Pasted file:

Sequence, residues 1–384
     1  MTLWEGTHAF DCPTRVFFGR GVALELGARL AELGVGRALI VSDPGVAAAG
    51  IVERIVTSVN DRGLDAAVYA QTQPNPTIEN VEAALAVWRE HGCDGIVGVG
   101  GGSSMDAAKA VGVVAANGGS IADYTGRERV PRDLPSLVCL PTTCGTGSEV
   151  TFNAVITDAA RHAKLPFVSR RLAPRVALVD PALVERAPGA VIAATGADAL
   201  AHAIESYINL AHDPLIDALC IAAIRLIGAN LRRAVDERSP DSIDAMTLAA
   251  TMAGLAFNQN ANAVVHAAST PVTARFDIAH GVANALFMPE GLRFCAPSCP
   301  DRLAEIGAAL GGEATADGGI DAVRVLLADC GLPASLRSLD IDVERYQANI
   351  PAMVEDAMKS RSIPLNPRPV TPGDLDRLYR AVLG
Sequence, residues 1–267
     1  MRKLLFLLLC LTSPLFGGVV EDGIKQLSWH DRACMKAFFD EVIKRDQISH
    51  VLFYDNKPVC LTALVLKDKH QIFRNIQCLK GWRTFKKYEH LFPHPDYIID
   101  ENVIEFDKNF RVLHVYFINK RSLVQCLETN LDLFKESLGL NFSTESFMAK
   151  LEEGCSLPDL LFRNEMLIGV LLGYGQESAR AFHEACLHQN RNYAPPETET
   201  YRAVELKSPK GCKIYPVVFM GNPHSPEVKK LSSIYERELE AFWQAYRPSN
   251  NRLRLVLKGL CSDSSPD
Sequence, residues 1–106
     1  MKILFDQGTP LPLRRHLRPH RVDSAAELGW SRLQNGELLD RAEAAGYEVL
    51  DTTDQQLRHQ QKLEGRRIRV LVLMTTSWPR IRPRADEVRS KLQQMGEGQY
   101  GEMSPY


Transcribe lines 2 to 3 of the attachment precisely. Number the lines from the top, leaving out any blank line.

     1  MTLWEGTHAF DCPTRVFFGR GVALELGARL AELGVGRALI VSDPGVAAAG
    51  IVERIVTSVN DRGLDAAVYA QTQPNPTIEN VEAALAVWRE HGCDGIVGVG